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News / Business / Clark County Business

Cleanup of contaminated Park Laundry site in Ridgefield begins

Once the cleanup is done in early 2025 the site can be redeveloped

By Chrissy Booker, Columbian staff writer
Published: June 24, 2024, 3:01pm
3 Photos
The Park Laundry site in Downtown Ridgefield.
The Park Laundry site in Downtown Ridgefield. (Photo contributed by city of Ridgefield) Photo Gallery

Cleanup has begun at the contaminated Park Laundry site in downtown Ridgefield.

The city of Ridgefield was awarded $2 million from the Washington State Department of Ecology and $195,000 from the Washington Department of Commerce to restore the site at 122 N. Main Ave., which was contaminated with liquid solvents from a laundry facility. The property is currently covered in gravel and used for parking. The cleanup is expected to be completed in early 2025.

The property was last used as a laundry facility from about 1965 to 1977, according to a news release from the city of Ridgefield. The Park Laundry building was demolished more than 20 years ago, and the property is now owned by the city of Ridgefield.

During the laundry’s operation, a liquid solvent commonly used in dry-cleaning called tetrachloroethene was released into the soil and groundwater.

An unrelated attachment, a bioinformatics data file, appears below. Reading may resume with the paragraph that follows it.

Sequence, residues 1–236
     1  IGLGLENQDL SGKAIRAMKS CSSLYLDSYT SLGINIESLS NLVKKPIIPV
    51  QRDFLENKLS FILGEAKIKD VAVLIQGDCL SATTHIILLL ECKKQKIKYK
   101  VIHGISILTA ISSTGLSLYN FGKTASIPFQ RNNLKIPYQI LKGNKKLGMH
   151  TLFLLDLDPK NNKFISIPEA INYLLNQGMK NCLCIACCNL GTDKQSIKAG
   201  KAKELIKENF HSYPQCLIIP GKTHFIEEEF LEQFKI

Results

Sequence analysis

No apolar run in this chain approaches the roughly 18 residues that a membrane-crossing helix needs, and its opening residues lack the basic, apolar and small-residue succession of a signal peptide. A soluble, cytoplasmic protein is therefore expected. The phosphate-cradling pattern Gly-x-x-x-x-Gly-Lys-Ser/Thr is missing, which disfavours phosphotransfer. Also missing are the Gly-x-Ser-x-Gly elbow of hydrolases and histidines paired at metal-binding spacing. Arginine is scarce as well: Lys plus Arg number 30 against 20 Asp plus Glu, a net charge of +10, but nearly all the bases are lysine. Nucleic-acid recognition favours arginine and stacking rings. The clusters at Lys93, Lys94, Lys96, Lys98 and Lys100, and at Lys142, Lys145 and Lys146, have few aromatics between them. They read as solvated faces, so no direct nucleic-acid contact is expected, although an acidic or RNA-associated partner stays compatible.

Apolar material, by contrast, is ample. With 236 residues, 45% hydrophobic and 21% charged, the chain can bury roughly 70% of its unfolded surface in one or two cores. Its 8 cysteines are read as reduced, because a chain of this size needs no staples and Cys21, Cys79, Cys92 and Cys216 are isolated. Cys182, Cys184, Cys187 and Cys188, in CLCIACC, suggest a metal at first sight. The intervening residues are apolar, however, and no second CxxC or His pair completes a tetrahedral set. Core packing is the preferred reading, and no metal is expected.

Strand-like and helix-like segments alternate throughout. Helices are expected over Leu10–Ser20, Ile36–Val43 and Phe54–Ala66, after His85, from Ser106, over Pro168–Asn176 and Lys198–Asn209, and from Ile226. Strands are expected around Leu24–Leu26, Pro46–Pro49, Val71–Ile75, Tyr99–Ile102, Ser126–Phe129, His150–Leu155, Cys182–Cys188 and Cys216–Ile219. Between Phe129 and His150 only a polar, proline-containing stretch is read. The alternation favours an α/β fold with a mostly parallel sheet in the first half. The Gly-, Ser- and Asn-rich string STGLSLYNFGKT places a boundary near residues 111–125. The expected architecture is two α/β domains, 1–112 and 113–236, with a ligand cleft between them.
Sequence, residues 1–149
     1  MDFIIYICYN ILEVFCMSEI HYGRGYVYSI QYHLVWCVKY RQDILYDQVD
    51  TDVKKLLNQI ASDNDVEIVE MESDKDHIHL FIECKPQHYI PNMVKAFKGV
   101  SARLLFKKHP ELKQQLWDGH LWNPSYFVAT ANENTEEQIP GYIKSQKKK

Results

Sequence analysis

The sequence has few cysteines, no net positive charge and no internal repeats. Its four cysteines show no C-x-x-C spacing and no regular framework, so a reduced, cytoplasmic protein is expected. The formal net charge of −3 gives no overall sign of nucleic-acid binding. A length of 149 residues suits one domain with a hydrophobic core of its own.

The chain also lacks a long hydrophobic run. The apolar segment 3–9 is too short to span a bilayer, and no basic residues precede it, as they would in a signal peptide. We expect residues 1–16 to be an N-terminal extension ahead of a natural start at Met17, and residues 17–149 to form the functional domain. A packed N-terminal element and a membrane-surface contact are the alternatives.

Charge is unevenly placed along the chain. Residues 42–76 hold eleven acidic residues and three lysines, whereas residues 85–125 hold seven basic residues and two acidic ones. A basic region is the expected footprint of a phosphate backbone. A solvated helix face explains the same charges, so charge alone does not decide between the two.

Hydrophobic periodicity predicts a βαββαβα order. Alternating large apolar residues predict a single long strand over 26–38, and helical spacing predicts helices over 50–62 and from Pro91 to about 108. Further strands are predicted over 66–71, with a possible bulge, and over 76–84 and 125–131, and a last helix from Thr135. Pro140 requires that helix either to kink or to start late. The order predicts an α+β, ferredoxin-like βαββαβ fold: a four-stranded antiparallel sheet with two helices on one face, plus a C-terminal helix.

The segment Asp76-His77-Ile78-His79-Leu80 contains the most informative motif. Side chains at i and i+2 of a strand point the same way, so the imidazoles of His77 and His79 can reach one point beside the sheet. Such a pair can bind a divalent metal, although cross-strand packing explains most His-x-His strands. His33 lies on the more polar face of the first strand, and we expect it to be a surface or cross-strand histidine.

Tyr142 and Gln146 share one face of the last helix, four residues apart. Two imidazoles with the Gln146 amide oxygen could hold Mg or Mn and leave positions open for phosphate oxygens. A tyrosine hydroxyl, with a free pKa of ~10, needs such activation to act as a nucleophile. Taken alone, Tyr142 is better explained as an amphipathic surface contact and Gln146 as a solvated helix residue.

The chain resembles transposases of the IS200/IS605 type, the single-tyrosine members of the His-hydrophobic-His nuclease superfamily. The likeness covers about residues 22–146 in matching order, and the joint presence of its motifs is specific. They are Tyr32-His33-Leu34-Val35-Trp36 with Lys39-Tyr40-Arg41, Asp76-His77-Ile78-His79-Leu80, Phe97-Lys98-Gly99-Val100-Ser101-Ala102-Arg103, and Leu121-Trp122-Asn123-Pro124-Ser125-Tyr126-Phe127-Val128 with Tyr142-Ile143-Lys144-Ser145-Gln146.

The soil and groundwater contained levels of tetrachloroethene and trichloroethene in excess of Ecology’s safety standards.

The former police station, 116 N. Main Ave., and the old jail behind that building, will be demolished and those sites will be filled with gravel.

Excavation and cleanup work will take place from 8 a.m. to 5 p.m. Monday through Friday.

Megan DeMoss, Ridgefield’s communications coordinator, said parking will not be permitted within the cleanup area for the duration of the project. However, off-street public parking is available at Davis Park, on North Third Avenue, and off Mill Street and Railroad Avenue. DeMoss said she does not expect the project to cause traffic or congestion.

“There’s essentially five separate lots within that fence. So they’re starting with the two northernmost lots that are privately owned. Those lots are not considered Park Laundry sites, but they’re considered the source area of contamination,” DeMoss said.

Ecology designed the restoration plan and Gemini Environmental Strategies will carry out the cleanup. That team will conduct soil excavation, groundwater remediation and monitoring to ensure the site is ready for future use.

Future use

The Ridgefield Police Department moved to 101 Mill St., Suite 110, in July. The old Ridgefield jail has most recently been used for storage, but the city will reconstruct it to be reserved for future use in a museum or historical interpretive center.

Once the cleanup is done, the rest of the site will be eligible for redevelopment.

DeMoss said there is currently no plan for the property.

“Since the project is currently contaminated, it’s not eligible to have anything constructed on it,” DeMoss said. “Since we were able to use the grant from the state and from the Department of Commerce to clean it up, that will make the site eligible to be developed by anyone who would like to do a project that’s going to help revitalize our historic downtown and create a vibrant area.”

For more information, visit ridgefieldroundtable.org.

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